Name: Nelly Rose
Profession: Fashion Textile designer and Creative Director.
Qualifications: BA Hons, Fashion Textiles at London College of Fashion.
Describe yourself in 3 words: Visionary, colourful and ambitious.
Who are your style icons? Grace Jones, Bjork and Vivienne Westwood.
Name of business: GLOBELLE by Nelly Rose.
What has GLOBELLE produced so far? My last international collaboration was shown both in Jakarta and at London Fashion Week, as a textiles collaboration interpreting modest wear. GLOBELLE was born a year ago after seeing a global interest in uniting cultures in fashion, as opposed to exploiting them. My ambition is to create a successful design platform using ancient textile techniques. The business model will provide crafts in a contemporary setting that implements a sustainable method to support communities.
GLOBELLE’s style: Graphic print and bold designs.
Favourite fabric: The woven fabrics I’m working with in Guatemala.
What are your goals? In one year, I’d like to see what impact my current project in Guatemala has achieved. Also, I will be preparing to show for the third time at London Fashion Week via Fashion Scout, this time supporting a new collaborative project.
Tell us about the project? I’m currently in Guatemala, working with my collaborative design partner on a project called MEUS. We’re travelling around rural villages where we will work alongside three textile co-operatives to produce the textiles for our new womenswear collection.
Tell us a story about your adventure so far? I’m enjoying the many aspects here, from rich fruit markets, to the cultural alliance of traditional Mayan women going about their days in the city, adorned in beads and embroidery, to the creative industry events where I’ve been presenting the project. We’ve also been travelling to and from Antigua in order to present the project in the Conceptio gallery.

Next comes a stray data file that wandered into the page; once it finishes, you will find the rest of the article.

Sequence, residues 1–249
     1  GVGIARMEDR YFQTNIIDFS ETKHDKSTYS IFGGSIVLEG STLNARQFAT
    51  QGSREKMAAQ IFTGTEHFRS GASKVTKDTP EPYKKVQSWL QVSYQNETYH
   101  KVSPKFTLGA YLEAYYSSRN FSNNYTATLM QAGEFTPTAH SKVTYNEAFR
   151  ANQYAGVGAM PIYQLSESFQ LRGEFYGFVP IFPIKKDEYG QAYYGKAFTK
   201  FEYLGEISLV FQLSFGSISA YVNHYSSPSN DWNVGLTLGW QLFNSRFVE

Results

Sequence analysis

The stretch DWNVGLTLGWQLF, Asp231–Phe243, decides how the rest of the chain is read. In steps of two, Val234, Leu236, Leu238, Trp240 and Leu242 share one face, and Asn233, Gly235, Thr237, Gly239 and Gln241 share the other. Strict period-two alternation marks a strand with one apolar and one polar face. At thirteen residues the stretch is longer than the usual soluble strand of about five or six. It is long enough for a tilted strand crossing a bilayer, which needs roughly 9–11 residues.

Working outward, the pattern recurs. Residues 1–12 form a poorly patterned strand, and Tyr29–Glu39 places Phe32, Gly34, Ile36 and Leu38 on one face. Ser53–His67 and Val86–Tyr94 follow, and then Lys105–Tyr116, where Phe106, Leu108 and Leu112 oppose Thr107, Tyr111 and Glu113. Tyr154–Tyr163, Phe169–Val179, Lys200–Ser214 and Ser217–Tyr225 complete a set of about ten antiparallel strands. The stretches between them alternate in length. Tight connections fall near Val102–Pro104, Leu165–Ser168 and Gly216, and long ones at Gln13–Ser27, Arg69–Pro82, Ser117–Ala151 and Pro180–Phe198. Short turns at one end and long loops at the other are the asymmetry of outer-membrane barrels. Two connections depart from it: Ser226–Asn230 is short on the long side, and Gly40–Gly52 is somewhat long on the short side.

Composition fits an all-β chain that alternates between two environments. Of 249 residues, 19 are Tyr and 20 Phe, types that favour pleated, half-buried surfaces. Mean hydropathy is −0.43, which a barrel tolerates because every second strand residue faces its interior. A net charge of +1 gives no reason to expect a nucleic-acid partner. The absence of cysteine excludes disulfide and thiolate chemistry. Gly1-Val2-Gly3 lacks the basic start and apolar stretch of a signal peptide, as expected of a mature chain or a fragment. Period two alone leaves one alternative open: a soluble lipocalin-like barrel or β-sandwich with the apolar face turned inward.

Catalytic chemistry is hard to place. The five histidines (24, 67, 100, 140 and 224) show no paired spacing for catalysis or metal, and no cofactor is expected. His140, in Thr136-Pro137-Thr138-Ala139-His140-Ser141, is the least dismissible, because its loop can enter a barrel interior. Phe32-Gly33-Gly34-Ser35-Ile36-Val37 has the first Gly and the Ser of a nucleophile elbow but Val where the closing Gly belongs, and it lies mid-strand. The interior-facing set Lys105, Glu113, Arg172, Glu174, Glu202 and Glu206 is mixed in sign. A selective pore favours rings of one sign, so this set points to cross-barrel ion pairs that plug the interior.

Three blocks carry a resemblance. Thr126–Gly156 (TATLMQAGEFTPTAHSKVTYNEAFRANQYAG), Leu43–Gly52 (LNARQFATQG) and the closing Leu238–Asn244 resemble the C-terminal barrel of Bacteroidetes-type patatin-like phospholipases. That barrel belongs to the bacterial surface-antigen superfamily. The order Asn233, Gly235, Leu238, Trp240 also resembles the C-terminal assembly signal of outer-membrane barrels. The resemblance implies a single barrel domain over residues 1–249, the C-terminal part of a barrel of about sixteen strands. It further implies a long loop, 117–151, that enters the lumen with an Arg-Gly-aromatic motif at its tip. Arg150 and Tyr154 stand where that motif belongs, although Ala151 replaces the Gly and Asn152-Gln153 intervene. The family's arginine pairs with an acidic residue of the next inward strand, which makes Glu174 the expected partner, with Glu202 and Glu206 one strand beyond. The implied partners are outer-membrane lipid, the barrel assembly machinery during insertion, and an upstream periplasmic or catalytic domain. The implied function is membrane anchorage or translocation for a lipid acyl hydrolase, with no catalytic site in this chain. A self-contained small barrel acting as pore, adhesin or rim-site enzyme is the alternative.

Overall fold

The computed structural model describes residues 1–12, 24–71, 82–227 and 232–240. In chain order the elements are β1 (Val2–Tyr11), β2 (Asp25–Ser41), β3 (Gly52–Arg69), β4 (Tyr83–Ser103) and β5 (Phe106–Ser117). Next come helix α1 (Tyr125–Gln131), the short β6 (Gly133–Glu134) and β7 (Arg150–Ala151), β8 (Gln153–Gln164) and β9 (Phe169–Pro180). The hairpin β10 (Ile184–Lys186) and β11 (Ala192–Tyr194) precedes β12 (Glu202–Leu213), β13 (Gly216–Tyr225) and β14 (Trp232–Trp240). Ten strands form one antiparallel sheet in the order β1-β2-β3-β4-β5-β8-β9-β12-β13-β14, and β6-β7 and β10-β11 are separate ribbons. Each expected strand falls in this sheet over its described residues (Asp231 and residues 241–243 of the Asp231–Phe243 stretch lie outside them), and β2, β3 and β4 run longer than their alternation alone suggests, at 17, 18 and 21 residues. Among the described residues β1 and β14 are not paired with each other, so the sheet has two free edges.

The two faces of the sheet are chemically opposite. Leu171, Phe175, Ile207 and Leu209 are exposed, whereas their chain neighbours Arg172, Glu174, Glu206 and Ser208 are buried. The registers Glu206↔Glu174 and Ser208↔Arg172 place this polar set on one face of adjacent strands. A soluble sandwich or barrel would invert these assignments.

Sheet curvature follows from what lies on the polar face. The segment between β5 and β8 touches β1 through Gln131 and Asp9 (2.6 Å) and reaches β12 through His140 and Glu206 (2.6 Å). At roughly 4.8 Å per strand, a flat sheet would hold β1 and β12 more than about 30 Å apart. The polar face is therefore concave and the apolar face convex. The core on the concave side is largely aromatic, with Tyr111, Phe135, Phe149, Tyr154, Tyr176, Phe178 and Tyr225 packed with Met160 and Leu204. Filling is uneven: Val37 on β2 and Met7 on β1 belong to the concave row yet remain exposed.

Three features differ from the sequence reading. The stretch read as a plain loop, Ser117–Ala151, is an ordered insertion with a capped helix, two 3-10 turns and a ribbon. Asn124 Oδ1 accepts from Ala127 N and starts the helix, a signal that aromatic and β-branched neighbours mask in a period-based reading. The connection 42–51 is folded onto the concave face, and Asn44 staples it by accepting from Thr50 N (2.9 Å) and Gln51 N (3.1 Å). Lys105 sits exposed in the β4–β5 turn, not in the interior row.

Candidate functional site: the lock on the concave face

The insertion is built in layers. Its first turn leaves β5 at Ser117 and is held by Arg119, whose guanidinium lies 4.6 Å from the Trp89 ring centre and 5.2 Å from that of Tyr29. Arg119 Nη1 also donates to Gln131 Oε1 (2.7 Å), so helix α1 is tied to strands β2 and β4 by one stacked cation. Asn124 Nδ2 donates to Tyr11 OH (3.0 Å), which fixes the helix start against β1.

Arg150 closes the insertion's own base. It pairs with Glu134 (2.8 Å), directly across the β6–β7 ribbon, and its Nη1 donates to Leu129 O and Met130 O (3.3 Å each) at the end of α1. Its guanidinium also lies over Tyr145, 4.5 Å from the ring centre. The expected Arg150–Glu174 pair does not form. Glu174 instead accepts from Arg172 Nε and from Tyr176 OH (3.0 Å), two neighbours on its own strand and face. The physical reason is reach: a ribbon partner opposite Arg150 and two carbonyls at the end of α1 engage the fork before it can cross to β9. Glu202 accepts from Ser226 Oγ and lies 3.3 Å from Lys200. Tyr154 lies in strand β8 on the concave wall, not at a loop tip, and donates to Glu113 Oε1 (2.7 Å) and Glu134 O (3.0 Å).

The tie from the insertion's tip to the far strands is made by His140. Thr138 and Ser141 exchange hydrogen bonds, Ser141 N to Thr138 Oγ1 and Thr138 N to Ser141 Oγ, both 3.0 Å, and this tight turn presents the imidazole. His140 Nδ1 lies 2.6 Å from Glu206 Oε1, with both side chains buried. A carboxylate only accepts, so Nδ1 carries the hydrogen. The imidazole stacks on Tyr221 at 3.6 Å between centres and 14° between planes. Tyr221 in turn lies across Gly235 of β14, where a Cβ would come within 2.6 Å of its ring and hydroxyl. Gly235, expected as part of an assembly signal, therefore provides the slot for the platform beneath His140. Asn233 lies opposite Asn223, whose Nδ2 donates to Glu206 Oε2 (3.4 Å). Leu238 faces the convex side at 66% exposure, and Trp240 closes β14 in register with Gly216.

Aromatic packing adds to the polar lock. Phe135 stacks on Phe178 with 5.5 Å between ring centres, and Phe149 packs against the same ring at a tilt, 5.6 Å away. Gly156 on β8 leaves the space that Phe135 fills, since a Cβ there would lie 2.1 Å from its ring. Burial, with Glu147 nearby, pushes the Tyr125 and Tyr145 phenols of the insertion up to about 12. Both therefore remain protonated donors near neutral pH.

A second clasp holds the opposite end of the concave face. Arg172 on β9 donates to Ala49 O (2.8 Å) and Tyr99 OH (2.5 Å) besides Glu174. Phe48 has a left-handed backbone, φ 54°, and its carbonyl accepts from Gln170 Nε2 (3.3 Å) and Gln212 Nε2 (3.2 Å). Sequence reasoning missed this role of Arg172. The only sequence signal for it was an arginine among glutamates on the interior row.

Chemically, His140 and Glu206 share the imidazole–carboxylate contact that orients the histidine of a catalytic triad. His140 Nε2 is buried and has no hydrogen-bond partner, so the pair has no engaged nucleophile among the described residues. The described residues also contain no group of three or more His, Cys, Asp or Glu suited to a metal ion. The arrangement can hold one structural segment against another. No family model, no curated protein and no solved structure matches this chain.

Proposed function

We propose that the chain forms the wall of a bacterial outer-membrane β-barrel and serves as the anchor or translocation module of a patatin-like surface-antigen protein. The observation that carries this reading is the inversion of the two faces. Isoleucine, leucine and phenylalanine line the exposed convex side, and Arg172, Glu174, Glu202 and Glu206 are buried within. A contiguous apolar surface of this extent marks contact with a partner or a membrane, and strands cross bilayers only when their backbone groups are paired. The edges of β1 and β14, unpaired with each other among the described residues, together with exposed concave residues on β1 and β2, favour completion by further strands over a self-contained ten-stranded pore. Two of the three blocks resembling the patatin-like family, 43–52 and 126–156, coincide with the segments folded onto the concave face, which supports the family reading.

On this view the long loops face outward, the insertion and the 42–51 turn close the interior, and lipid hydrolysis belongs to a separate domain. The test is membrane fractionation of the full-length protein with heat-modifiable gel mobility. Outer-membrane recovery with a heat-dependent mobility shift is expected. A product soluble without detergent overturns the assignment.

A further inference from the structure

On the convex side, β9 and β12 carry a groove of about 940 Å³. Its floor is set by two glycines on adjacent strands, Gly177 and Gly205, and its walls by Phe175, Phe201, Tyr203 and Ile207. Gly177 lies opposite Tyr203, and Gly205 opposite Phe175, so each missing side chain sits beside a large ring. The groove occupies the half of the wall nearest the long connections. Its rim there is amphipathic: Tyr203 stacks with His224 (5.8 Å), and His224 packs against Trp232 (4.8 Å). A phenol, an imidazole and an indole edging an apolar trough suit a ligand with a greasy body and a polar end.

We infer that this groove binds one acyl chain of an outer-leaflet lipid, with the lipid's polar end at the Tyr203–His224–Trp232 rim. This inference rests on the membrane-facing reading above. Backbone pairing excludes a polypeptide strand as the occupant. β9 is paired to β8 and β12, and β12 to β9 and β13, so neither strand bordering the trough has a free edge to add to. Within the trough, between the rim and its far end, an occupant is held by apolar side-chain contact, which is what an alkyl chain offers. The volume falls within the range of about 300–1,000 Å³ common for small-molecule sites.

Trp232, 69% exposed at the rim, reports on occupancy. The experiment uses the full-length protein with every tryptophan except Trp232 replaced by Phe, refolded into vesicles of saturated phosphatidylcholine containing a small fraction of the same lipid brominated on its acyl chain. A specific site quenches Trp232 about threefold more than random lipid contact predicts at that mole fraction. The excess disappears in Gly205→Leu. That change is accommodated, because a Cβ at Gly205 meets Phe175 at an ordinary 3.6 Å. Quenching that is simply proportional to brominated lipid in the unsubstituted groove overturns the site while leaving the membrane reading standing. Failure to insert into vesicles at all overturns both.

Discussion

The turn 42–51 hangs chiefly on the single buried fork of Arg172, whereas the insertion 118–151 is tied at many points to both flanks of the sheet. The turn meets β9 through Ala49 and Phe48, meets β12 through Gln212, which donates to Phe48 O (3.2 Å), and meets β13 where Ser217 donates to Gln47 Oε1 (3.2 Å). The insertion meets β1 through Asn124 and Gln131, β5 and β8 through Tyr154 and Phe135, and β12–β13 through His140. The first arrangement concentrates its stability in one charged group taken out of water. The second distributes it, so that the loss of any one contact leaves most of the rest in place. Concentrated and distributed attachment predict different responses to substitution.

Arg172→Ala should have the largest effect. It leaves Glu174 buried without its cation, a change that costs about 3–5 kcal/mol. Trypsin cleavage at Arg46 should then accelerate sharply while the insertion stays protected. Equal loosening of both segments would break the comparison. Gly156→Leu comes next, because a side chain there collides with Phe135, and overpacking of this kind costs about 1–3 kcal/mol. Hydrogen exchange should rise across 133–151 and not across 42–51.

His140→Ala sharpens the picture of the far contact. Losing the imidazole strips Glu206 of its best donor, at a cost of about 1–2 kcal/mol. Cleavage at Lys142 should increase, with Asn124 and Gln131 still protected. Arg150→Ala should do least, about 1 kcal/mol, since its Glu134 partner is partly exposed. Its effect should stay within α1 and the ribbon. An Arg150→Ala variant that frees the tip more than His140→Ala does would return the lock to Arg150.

Tell us about your next Fashion Show. The GLOBELLE by Nelly Rose presentation will take place this September 15th-18th during London Fashion Week at the Freemasons Hall, supported by Fashion Scout.
Do you promote any ethical messages? Yes, I think it’s important as a designer to think about the message we are putting into the world. Most clothes labels only state the country they were made in and nothing about the production chain, or if it involves exploitation and sweatshop labour. The Fashion Revolution movement is something that I’ve been involved with for the last few years – they encourage you to ask #whomademyclothes. We aim to prove that, as young designers, we can create something with a conscience and transparency, and in doing so, unite cultures and break borders directly at the source of production.
Complete the sentence, fashion is… A global movement of expression and art and a universal language that we all share. It is one of the most powerful industries in the world and can be driven to create positive change and beautiful results.